Recently I read this item in the 1806 Circular Letter of the Philadelphia Association on Christian Missions:
“The Charleston Baptist Association of South Carolina, at their last session, received favorable accounts from their missionary, Brother John Rooker, relative to his ministration among the Catawba Indians. They have engaged him to continue with them, and are about establishing a school for the instruction of their youth.”
This was striking to me because I had also recently found a paper in my files that I had tucked away some years ago titled An Essay on the Sovereignty of God, dedicated to and a legacy for the Baptist Church on Sugar Creek, Y. D. [York District] , S. C. written by their “long standing Pastor, John Rooker, now in the 85th year of his age.” The essay was published in 1839. Rooker, born in 1755, had served in various capacities in the cause of the Revolution. He had begun to preach when in North Carolina in 1783. He was among the charter members of the Sugar Creek Baptist Church constituted by Abraham Marshall of Columbia County, Georgia., in 1792 and continued as a member and pastor of the church, at least until the time of the publication of this pamphlet. His purpose in publishing was “for the instruction and comfort of His faithful people, that they may not be seduced by the abounding errors, superstitions bigotry, and delusive fallacy of the Papists, Unitarians, Universalists, Armenians [sic], and Antinomians.”
Here was a man that was a missionary to Native Americans appointed by the Charleston Association, a faithful pastor of a church and a warm defender of the faith. Both Arminianism and hyper-Calvinism were to be seen as erroneous in the framework of his theology. His pamphlet was filled with Scripture proofs of the doctrines he defended. His argument stated that according to a purpose established in the eternal covenant of redemption among the persons of the triune God, God worked effectually in sovereign fashion to call and mold a people given to his Son for the glory of all and each of the persons of the Trinity.
While we see the power, wisdom, and sovereign purpose of God in creation and in providence, it is most majestically displayed in the redemption of sinners. Rooker asserted:
“In the redemption covenant, the Father gave the Son a select people, called the elect of God, . . . The Son, on his part agreed to become surety for the definite people given Him, . . . The Holy Ghost, the third person in the Trinity, prepares and brings the elect to a knowledge of their interest in the blessed covenant of redemption.”
Rooker quotes a score of passages that mention the covenant, both the “abrogated covenant of works, and that of redemption by faith in Christ.” He pointed to the innocence and holiness of man in creation, the devastating effects of the fall, which set men against each other as well as against God “like a set of gladiators, thirsting for, and brewing their hands in, each other’s blood.” The Holy Spirit performs a powerful and glorious work in effecting the will of the Father in election and the work of the Son in redemption, in brining about conviction of sin, a sense of hopelessness until he is “pleased to give the soul to see that Jesus Christ is the end of the law for righteousness to every soul that believeth, and that He can be just, and the justifier of them that believe in Jesus, who has, by his active and passive obedience brought in a righteousness consummate to the demands of justice.”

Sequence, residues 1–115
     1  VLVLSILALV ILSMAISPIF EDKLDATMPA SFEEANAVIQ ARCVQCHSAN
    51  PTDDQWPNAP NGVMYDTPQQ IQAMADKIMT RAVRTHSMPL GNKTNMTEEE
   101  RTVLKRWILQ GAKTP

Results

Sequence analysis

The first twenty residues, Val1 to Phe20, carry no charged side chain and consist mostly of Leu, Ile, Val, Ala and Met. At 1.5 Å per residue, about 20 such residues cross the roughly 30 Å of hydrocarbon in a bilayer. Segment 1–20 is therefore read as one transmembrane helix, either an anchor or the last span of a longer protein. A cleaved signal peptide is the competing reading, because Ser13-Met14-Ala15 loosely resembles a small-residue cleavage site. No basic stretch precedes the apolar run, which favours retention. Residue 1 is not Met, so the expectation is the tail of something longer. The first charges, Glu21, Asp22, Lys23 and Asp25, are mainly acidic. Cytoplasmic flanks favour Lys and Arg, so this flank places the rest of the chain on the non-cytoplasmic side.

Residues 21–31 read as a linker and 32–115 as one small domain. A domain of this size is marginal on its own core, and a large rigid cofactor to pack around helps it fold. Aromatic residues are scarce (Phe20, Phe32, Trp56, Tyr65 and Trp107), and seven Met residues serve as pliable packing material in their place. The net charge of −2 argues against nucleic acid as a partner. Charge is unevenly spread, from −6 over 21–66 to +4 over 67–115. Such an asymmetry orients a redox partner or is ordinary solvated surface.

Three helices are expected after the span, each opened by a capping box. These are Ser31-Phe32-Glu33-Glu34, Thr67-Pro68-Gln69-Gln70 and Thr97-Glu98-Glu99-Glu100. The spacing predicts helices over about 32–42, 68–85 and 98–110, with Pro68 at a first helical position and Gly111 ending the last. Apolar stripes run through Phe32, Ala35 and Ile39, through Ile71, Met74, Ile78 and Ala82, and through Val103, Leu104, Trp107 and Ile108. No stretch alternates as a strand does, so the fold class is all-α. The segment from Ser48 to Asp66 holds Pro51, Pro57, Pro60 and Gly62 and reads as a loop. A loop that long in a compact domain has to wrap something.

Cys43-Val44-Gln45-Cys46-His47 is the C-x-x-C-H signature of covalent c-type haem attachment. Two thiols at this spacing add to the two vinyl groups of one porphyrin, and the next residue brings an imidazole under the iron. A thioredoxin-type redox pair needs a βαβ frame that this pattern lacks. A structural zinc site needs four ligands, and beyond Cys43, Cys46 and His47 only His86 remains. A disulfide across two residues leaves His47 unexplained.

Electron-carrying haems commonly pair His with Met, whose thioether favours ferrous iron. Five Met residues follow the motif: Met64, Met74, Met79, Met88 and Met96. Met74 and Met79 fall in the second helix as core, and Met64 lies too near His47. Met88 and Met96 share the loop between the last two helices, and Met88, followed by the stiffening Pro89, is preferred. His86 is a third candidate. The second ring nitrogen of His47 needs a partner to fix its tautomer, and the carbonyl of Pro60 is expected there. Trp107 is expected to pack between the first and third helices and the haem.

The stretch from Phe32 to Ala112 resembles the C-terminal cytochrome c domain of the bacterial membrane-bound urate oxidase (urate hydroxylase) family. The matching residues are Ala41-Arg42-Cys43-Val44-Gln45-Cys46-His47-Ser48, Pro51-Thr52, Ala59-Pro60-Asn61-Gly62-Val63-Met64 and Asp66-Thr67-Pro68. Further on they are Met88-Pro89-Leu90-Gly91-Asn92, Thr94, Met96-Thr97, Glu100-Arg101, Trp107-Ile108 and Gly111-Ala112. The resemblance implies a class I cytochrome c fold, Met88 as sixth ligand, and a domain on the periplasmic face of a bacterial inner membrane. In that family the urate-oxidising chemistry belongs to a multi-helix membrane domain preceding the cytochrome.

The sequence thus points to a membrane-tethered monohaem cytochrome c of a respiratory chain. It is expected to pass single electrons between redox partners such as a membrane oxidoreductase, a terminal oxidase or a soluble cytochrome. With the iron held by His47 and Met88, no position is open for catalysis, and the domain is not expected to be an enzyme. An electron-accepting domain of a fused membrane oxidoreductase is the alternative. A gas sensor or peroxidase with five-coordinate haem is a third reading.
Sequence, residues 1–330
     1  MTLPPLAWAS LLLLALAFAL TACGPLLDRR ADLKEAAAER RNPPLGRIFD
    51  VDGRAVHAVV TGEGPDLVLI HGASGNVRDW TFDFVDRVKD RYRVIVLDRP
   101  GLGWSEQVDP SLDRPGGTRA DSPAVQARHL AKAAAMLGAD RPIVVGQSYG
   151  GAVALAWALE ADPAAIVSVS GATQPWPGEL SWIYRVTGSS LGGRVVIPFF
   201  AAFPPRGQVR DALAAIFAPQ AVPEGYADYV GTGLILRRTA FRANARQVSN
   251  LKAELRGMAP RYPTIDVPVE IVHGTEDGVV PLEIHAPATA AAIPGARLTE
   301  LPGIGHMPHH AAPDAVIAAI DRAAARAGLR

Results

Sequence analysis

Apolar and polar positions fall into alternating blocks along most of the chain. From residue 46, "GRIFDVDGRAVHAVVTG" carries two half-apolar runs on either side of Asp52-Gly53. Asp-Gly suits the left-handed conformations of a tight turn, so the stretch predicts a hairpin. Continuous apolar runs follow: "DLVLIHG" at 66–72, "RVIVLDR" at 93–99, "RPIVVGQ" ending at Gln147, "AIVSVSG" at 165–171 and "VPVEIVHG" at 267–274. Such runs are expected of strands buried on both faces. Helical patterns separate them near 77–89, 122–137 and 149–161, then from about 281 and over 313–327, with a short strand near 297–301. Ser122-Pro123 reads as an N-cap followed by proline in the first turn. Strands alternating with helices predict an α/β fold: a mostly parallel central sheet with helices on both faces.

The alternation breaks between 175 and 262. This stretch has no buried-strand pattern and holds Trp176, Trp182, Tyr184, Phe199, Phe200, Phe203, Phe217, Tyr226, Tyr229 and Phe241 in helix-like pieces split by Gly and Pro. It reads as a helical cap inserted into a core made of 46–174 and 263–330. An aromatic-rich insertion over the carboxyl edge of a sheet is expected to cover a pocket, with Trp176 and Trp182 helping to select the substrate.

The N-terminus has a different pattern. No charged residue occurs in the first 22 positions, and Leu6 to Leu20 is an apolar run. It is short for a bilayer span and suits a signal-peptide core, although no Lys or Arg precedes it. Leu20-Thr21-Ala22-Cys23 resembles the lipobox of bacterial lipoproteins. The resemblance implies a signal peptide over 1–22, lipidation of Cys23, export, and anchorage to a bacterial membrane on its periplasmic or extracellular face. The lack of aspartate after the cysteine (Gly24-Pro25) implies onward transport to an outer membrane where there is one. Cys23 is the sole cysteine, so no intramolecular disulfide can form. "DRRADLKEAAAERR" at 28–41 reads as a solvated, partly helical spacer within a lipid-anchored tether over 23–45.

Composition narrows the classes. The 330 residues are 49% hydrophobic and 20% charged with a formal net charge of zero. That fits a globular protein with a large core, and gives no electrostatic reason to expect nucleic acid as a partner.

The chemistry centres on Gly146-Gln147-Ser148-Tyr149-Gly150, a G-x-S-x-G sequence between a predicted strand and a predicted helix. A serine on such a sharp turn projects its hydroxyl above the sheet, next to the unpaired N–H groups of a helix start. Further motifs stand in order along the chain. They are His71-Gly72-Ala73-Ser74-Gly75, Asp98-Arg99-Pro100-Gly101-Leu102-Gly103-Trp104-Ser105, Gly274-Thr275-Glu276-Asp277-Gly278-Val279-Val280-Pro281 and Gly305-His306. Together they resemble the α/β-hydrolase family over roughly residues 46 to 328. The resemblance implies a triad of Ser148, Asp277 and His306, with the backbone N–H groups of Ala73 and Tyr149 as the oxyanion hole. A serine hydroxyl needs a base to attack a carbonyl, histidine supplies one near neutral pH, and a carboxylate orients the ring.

Rooker elaborates on the posture of submission to sovereign grace characteristic of a soul brought to faith in such a way. He emphasized from John 6 the certainty and the security of salvation of all those given to the Son by the Father and given life by the Spirit. After showing how all this fulfilled a number of Old Testament prophecies concerning the sovereign care God promised to his people, Rooker referred again to John 6 emphasizing, “In this chapter the Lord hath declared four times, that he will raise up all that the Father gave him in the everlasting covenant between them, which clearly proves the doctrine of unconditional election and final perseverance of all his chosen people.”
As he closed his article he reasserted, “Thus, according to my judgment, (and I think the judgment of every judicious and scripture reading person,) I have, from scripture and sound logic, proved the sovereignty of the Triune God, His everlasting covenant of redemption for his elect in Christ Jesus, the depravity of fallen man, his recovery through grace by effectual calling, and final perseverance unto eternal glory and endless felicity.” He closed by quoting all ten verses of a hymn about which Mark Coppenger remarked, “That is like getting your orange juice by spooning it directly from the frozen canister.” The hymn is by William Gadsby and begins.
What makes mistaken men afraid
Of sov’reign grace to preach?
The reason is, (if truth be said,)
Because they are too rich.
The hymn the continues through nine more verses comparing the wise in their own eyes with the poor in spirit. who desire to rely on sovereign grace. The sentiments of the poor in spirit are captured in the stanza on election.
Election! ‘tis a word divine;
For Lord, I plainly see,
Had not thy choice prevented mine,
I ne’er had chosen thee.
I look forward to the Founders Conference in Charleston, the seat of the Association that sent the sovereign-grace preacher as a missionary to the Catawba Indians. Our topic is a celebration of how naturally the adherents and lovers of a gospel of sovereign grace felt perfect freedom and joyful privilege in going to the nations of the world with this gospel.
Please join us at the 2014 National Founders Conference!
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